It started with a reaction to Romy saying she wanted to spend time in the UK to learn to speak Oxford English. Romy was not alone in holding up Oxford English as being the “best” English pronunciation; that belief did seem prevalent amongst the Germans we met.
But could one actually rank the way a language was spoken as being “best”, “second best” and so forth, I argued? In Berlin itself, I pointed out, the accents were so varied that, as our command of German increased, even we were starting to be able to tell that there were differences which were not dialectical, but of spoken Standard German.
For fun, I asked Romy to name me where in Germany she thought the equivalent of Oxford English was spoken. This developed into an interesting straw poll.
Romy had to think about this, but rejected first Bavaria (where she comes from), followed by the neighbouring Baden-Württemberg. As my straw poll progressed, it was interesting to see how this pattern repeated itself, affirming that southern accents are perceived as being the least desirable.
Then she remembered a conversation she’d had with a friend who swore that a region west of the Bodensee near the southern border was where the best German was spoken.
But Romy had been there, heard the people speak, and had not been able to figure out how their German could be considered better German than anyone else’s.
Finally, she settled on the German spoken in the northern cities such as Frankfurt, as likely to be defined as having the best German.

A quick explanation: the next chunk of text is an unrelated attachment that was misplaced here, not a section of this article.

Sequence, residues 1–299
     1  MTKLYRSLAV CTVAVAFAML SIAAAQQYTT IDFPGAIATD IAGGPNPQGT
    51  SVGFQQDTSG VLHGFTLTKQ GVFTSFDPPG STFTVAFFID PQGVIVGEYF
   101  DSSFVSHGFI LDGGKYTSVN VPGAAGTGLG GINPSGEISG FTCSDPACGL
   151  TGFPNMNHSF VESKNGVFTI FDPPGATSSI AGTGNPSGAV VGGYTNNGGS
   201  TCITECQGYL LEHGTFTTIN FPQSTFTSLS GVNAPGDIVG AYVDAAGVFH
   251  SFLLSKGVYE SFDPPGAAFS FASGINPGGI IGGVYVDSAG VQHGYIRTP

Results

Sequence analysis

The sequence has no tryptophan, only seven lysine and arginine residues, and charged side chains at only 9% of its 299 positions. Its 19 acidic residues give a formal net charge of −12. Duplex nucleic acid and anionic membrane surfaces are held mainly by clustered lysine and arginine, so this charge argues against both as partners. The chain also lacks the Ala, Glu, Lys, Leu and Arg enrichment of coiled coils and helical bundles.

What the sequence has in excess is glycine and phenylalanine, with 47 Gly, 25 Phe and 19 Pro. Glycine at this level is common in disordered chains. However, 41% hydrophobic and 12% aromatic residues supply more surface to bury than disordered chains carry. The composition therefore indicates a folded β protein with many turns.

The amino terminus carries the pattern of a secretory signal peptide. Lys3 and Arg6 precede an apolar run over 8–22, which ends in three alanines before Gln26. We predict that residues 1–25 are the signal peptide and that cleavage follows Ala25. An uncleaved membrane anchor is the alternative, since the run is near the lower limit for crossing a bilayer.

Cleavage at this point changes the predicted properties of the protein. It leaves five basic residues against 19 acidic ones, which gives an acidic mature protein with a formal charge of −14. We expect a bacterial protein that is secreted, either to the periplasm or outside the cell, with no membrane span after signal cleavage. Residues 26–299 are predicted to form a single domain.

I next posed the question to Berlin-born Sofia.
Her immediate answer was “Berlin!” but with a wink. (The Berlin accent is widely considered coarse.) Then she went through the same thought process as Romy’s: Bavaria – no, Baden-Württemberg – no, and thence through all the states, till she ended up deciding that there was no one place she would consider as having the best spoken German.
(Interestingly, when I asked Romy and Sofia, who had been friends for awhile, if they could discern each other’s origins from their accents, they looked at each other and said no, they both spoke Standarddeutsch.)
Next, I posed this question to Yoggi, who hails from the west.
“Rubbish!” he declared firmly with a shake of his head, when told about Romy’s west-of-Bodensee offering. He, too, started by eliminating the different regions, being especially emphatic about the south and his home state of North Rhein-Westphalia.
At the end, he concluded that the north would probably be where the best German was spoken, but couldn’t say where the quality-boundary would lie.
Finally, we went to Fritz, who hails from the northern state of Schleswig-Holstein, and asked him if he thought that he spoke the best Deutsch in Germany.
As with Yoggi, Fritz didn’t think the Bodensee argument held, but did say that it was there that the German language was supposed to have originated. However, the language in that area had changed so much over the years, it could no longer be considered the ‘pure’ or best form of German spoken, he reckoned.
Like the others, no immediate answer came to Fritz’s mind, but he did settle on the north and specifically Hanover, not as where the best or most proper German was spoken, but because it was the centre of all the different northern regional dialects. Works out that Wikipedia agrees with him. ω
The German language is regulated internationally by the Rat für deutsche Rechtschreibung (Council for German Orthography) while one of the most respected dictionaries for the German language is the Duden, of which Volume 6 of its 12 volumes is devoted to pronunciation (both sites in German only).